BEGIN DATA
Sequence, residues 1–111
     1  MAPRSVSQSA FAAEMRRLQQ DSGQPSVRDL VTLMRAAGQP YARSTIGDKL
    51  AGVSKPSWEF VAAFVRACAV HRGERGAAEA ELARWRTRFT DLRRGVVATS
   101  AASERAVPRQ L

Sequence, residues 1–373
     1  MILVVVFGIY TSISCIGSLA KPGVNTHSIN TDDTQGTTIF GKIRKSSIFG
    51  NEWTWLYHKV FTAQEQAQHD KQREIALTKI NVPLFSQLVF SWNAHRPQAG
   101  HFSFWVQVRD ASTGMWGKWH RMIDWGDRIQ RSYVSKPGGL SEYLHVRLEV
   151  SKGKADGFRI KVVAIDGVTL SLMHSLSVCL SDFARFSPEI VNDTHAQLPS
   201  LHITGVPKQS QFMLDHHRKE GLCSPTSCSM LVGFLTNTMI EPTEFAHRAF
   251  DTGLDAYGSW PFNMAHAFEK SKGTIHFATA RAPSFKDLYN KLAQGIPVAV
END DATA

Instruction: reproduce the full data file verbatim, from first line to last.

Sequence, residues 1–111
     1  MAPRSVSQSA FAAEMRRLQQ DSGQPSVRDL VTLMRAAGQP YARSTIGDKL
    51  AGVSKPSWEF VAAFVRACAV HRGERGAAEA ELARWRTRFT DLRRGVVATS
   101  AASERAVPRQ L

Sequence, residues 1–373
     1  MILVVVFGIY TSISCIGSLA KPGVNTHSIN TDDTQGTTIF GKIRKSSIFG
    51  NEWTWLYHKV FTAQEQAQHD KQREIALTKI NVPLFSQLVF SWNAHRPQAG
   101  HFSFWVQVRD ASTGMWGKWH RMIDWGDRIQ RSYVSKPGGL SEYLHVRLEV
   151  SKGKADGFRI KVVAIDGVTL SLMHSLSVCL SDFARFSPEI VNDTHAQLPS
   201  LHITGVPKQS QFMLDHHRKE GLCSPTSCSM LVGFLTNTMI EPTEFAHRAF
   251  DTGLDAYGSW PFNMAHAFEK SKGTIHFATA RAPSFKDLYN KLAQGIPVAV